Sakai Collaborative Learning Environment

A tight coupling between research and teaching is one of the hallmarks of an excellent undergraduate, graduate, or professional education. A learning management infrastructure that effectively supports teaching, learning and research must not only provide a robust set of services to address course management needs, but also must allow growth and easy integration of tools that enable access to digital resources andfacilitate a range of collaborations. Sakai is an open source collaborative learning environment that is being used by many universities internationally. UIT Academic Technology, in partnership with Arts and Sciences and other schools at Tufts, is investigating the affordances and barriers of Sakai in relation to other leading learning management platforms. Working in partnership with ITS, UIT Academic Technology will support a Sakai pilot for Experimental College courses in the spring of 2007.

 

Teaching and Learning Art History with Digital Images

Art History project imageAs the field of Art History moves from traditional practices of teaching and learning with analog slides to new practices of teaching and learning with digital images, this project provides a workflow and associated technology to support access to high-resolution digital images for presentation in Art History courses at Tufts. Partnering with the Department of Art and Art History and with the Tufts Digital Collections and Archives group, AT has developed extensions to the Art History department’s slide management system and to the Tufts Artifact application to enable export of digital image records from the Slide Library catalog to the central Tufts Repository and access to presentation-quality images via Artifact and other digital image discovery and dissemination services. Through this project, with support from Academic Technology and Tisch Library, faculty are learning to access digital images, to develop digital image presentations, and to incorporate these presentations into lectures and seminars.

Visit Artifact

 

WebDiver

WebDiver project imageWebDiver is a web-based video annotation tool that allows Tufts students and faculty to analyze performances online. Jim Glaser, Dean of Undergraduate Education and Professor of Political Science, piloted WebDiver successfully in his Fall 2005 Political Science course and recognized significant benefits through providing students with pinpointed feedback on aspects of their presentations via this web-based environment. WebDiver can be used in courses that evaluate student presentations, including foreign language and music classes, as well as any course that incorporates public speaking assignments. Video recordings of presentations allow users to re-view and re-annotate their performances over time while also revealing subtleties that can not be viewed during real-time delivery of the presentation or using the naked eye. Because videos are uploaded and viewed via the web, videos are shared with classmates and faculty who provide feedback on specific film segments. WebDiver can also be used to analyzed video produced by students in a media production or art course. For more information about WebDiver, please contact UIT Academic Technology.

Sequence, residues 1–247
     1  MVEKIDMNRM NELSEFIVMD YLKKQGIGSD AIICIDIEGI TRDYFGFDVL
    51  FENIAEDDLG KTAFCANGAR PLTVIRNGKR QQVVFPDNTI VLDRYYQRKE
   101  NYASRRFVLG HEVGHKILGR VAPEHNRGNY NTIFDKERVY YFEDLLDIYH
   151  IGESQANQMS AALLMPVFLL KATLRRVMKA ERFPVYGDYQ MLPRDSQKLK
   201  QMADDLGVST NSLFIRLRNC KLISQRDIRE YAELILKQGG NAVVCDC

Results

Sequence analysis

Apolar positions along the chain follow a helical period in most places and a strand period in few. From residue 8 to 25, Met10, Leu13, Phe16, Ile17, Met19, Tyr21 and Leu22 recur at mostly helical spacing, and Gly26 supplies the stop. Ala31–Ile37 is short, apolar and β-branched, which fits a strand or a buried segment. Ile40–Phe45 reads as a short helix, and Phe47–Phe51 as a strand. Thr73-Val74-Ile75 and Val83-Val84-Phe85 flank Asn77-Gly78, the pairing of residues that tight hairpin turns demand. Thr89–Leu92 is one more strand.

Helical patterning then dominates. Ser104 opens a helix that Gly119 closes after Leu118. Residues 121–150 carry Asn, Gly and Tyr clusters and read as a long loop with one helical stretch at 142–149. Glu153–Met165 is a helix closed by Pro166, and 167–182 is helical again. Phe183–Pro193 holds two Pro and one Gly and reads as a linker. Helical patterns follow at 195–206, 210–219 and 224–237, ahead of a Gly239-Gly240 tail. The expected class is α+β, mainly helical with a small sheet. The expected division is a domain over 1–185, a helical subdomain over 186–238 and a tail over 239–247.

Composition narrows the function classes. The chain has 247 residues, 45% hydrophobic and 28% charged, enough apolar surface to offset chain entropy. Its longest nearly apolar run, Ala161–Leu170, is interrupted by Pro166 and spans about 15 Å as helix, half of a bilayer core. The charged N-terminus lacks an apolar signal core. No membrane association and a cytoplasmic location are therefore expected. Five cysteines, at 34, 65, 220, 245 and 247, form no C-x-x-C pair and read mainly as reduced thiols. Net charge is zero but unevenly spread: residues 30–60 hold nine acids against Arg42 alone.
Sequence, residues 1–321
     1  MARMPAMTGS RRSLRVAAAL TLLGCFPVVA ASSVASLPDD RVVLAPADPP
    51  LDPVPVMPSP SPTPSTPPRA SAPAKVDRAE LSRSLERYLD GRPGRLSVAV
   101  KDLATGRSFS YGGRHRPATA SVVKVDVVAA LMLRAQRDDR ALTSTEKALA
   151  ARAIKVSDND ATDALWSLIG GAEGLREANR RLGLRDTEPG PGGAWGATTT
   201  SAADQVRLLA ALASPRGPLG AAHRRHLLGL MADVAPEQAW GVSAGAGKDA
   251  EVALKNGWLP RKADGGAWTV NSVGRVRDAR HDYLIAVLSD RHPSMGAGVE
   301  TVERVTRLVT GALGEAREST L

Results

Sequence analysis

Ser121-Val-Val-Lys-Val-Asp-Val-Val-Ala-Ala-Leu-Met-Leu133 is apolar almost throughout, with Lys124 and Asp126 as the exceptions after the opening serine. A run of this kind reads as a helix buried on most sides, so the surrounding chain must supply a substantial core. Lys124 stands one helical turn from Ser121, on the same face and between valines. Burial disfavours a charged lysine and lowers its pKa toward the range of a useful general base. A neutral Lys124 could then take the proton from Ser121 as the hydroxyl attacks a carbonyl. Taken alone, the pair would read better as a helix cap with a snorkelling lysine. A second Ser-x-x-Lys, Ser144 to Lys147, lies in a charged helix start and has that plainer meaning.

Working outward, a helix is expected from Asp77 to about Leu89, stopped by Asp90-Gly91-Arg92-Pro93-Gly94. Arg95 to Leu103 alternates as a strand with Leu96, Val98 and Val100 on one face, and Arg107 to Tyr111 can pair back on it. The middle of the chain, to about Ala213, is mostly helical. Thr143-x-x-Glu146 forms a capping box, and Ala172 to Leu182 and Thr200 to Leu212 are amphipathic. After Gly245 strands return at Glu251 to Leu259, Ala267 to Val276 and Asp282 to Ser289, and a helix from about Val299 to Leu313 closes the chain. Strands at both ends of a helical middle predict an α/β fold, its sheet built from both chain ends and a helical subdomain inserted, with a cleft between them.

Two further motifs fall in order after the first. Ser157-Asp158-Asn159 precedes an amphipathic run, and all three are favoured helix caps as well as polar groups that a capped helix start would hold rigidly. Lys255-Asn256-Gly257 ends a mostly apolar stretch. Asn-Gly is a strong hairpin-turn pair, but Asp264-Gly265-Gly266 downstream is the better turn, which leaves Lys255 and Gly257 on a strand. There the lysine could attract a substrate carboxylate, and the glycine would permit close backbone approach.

Learn more about WebDiver

 

VUE: Visual Understanding Environment

VUE project imageProviding faculty and students with flexible tools to successfully integrate digital resources into their teaching and learning is the primary focus of the Visual Understanding Environment (VUE) project. VUE leverages the open and extensible development platform of the Open Knowledge Initiative and the FEDORA digital repository system to develop a visual environment for structuring, presenting and sharing digital information. Through VUE, faculty and students use a visual, concept mapping interface to design customized, resource-linked semantic networks that can be viewed, shared and edited online. AT received support from the Andrew W. Mellon Foundation.

VUE can be downloaded here

 

EcoLinkup

EcoLinkUp project imageEcoLinkUp is an online communication and collaboration tool dedicated to connecting Tufts University’s Environmental Community. It provides Tufts’ faculty, staff, students, alumni and external partners with a way to participate in university-wide environmental interdisciplinary research, education, citizenship, and outreach programs.

Visit EcoLinkUp

 

Online Language Learning and Testing

CALT project imageAcademic Technology worked with the Department of German, Russian and Asian Languages and Literatures to implement an online language placement testing system, using the QuestionMark technology.

View the Online Language Learning and Testing

 

ConStats

ConStats project imageVery little software exists that teaches statistical concepts, as distinct from data analysis. ConStats is such a concept tool, explicitly designed by an interdisciplinary group of Tufts faculty in collaboration with AT to promote understanding of fundamental statistical concepts. ConStatS is unique in that it encourages students to actively experiment with statistical concepts, and requires them to carefully consider their own decisions as they use the software.

View Constats

 

Boston Subsurface Project